Archive for Book

Story Fragment: SHADOW IN THE SHEETS

Posted in Original Writing with tags , , , , , , , , , , on August 11, 2017 by smuckyproductions

Part of a larger story, exploring a woman’s trauma after a sexual encounter leads to terrifying cosmic revelations – and her attempts to forget what she learned at all costs. 

Jules interviewed Naomi after the date, as she insisted upon since their sophomore year of college, though Naomi thought these questions were more precise. They had lived with each other long enough that something small, the rhythm of their steps or ferocity of a sigh, could hint at mood; so the inquiries burrowed close. “Was it okay?” she asked. “She seemed cute, and smart, but…”

Naomi paused and hitched a breath, which almost ruined her composure and spilled the truth through her teeth. But she managed, “It was fine. Great in the moment, when I was drunk, but not so special the next morning. You know how it goes.”

It gnawed at her, that only two people would ever know what had happened in her bed. She shuddered to realize that such an impossibility would go on as just that, a dream. In the end, this assurance is what kept her silent, even if it terrified her. Jules did not need to know what had occurred so close to her sleeping body. Naomi would have paid steep prices for a similar ignorance. She felt nostalgia for a time when her bed had been an escape; to melt into the worn sheets, the years-old mattress pad, was to forget the complexities of the world. Her comforter, once a prized possession because of its sheer size, now lay at the base of a dumpster several blocks away. She had tried to sleep in the sheets that next day, but could not bring herself to peel them back, in case some sign remained under them. She closed her eyes as she donned the purple rubber gloves from her bathroom and ripped them from the mattress, stuffed them into a garbage bag. It occurred to her what she must have looked like when she rushed down the street, eyes bulging and toting the soft package – realizing that she was just another crazy person on the street, a true New Yorker, kept her from screaming every time the bag bumped against her leg. Sometimes she wondered if it was still in the dumpster after all; perhaps it had slunk away on its own.

These details scuttled through her mind as she answered Jules’s questions – “What did you do? Where’d you go? Was she a good kisser?” She overcompensated in her answers, since she so vaguely skipped through the first one. She described for Jules the candle-flickering speakeasy where they had begun; Alex ordered pungent Negronis for them and grinned over hers, prepared to initiate Naomi into a dark, secret world. “This city has so many places to hide,” she whispered after the second round; “all these corridors and spaces where no one wants to go, and no one will. Imagine what’s sitting there? Who’s using those places to escape? So many stories. You look at these windows, all quiet and dark, and the heavy doors – what’s happening in there? What has happened? What will?” Had Naomi not been a little drunk, this would have bored her. It was the gloom, the aromatic gin, and most of all Alex – her voice edged with a practiced rasp, and her eyes… they glimmered with candlelight and promised, “I have seen these secret places.” Later on, she couldn’t remember what had actually been special about them. If she could have placed their draw through the gin, she might have avoided the rest of the night, and what came after. Their speckles of green seemed to spiral deep into pools of shade, and Naomi wanted to go inside, where it was cool and unknown wonders crept. Alex promised to lead her down.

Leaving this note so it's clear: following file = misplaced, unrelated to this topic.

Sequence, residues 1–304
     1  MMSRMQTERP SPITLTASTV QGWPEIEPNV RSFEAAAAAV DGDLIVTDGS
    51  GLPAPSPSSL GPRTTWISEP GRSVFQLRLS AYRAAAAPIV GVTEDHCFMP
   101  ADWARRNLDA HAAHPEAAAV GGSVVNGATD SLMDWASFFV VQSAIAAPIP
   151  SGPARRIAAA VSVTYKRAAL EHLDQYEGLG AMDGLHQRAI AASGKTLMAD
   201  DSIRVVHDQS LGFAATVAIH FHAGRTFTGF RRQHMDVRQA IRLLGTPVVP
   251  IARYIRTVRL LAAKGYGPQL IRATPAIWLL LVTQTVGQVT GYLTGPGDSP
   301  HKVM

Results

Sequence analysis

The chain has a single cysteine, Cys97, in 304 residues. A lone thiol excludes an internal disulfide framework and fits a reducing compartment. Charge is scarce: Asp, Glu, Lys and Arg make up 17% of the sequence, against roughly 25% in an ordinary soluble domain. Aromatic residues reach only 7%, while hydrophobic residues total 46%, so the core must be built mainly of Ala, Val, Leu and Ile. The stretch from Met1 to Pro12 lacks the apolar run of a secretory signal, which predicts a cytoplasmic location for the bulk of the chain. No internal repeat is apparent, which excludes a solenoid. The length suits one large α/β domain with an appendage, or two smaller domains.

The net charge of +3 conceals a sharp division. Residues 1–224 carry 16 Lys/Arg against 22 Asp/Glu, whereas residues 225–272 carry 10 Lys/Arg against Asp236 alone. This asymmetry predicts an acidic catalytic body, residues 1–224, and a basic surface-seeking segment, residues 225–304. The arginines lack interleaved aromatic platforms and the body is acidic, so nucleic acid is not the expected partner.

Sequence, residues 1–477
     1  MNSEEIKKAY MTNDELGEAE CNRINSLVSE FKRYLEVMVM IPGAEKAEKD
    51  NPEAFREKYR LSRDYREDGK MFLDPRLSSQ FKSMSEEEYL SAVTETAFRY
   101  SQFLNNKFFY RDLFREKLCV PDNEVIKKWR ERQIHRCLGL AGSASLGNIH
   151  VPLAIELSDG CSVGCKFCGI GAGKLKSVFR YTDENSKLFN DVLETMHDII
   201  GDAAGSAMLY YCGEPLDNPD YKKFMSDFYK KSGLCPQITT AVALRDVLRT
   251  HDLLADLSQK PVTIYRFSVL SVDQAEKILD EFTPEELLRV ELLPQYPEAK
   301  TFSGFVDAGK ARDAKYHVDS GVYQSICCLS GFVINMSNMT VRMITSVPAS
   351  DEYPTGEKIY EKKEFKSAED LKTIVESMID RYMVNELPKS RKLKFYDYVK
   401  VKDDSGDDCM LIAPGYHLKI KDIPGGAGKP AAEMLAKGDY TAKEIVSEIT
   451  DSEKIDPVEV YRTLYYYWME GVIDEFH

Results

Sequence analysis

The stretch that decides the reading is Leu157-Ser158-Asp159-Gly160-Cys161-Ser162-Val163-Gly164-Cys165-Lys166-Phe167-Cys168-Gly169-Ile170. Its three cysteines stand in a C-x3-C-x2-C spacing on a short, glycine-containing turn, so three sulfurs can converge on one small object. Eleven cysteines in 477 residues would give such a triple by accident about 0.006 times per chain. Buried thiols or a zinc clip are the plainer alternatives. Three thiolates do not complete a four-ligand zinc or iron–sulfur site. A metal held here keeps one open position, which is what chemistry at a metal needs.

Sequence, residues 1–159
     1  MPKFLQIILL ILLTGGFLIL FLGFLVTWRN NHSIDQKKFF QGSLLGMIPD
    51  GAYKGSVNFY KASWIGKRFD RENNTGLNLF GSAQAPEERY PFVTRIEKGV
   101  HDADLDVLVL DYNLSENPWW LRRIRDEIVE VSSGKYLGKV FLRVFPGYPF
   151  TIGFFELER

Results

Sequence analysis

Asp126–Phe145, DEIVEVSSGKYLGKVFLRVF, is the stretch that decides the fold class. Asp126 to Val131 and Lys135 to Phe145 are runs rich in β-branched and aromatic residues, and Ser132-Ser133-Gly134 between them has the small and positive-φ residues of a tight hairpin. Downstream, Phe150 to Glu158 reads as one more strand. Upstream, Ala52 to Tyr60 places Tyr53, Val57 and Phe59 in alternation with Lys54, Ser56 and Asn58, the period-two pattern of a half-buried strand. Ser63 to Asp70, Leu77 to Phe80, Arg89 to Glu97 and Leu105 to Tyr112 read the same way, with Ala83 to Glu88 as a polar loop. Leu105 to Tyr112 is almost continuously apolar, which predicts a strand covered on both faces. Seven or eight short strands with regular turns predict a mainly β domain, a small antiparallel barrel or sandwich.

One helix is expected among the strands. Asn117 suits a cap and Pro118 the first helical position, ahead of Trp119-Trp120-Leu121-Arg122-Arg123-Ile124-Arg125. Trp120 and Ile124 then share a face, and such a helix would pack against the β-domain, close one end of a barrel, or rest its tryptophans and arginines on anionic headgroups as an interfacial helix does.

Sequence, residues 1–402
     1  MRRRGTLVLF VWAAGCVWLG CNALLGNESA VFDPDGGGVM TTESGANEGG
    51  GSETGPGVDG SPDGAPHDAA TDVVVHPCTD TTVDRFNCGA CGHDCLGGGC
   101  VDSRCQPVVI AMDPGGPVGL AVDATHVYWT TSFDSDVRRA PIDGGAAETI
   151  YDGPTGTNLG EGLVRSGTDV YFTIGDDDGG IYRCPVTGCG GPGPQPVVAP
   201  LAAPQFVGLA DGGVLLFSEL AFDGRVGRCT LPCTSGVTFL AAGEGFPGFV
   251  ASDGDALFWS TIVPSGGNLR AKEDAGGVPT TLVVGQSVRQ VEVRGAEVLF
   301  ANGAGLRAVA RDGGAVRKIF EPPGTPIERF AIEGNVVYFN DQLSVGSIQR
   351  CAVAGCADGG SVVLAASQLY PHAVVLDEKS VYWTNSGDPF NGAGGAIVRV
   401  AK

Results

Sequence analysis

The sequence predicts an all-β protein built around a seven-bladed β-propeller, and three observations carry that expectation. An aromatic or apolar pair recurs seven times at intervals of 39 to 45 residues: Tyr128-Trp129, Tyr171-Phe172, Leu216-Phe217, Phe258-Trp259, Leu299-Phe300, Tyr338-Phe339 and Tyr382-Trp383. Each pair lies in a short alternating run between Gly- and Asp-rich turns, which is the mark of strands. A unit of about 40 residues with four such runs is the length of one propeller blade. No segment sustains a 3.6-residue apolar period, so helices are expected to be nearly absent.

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Forbidden Tomes: THE WOMAN IN BLACK by SUSAN HILL

Posted in Forbidden Tomes with tags , , , , , , , , , , , , , on January 10, 2016 by smuckyproductions

 

Around this time of year, everyone loves a good ghost story. Most of them are suitable for some momentary shivers, perhaps a glance over the shoulder, and a hearty (albeit nervous) laughter at the supernatural. But there are some ghost stories that leave a lingering chill. Their fears extend past the fun of fiction into something darker, more clinging. One such ghost story is Susan Hill’s classic, THE WOMAN IN BLACK.

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Many people have seen this story done on screen, either in 1989 or recently in 2012. The lucky ones have witnessed it on stage. For those who haven’t, the tale goes forward as such: an ambitious young solicitor travels to the distant, foggy climes of Eel Marsh House in order to sort the affairs of the recently deceased Alice Drablow. But something else lingers in Eel Marsh, and the neighboring town. When the young man sees a mysterious woman dressed in black standing in the local graveyard, and meets undue paranoia from the townspeople, he begins to unearth a horrible secret.

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Susan Hill sets herself up with delightful Gothic elements from the get-go. Recounted by the young man several decades later, the story feels like one told by a campfire, but his reluctance to tell it gives a feeling of unknown dread. The landscapes are wonderfully mist-shrouded and dreary, the house itself is gloomy as one could want, and the mystery surrounding it all has an air of danger: you don’t really want to know the truth. The image of the titular woman, wrapped in black and almost skeletal, is chilling. Then the real horror begins.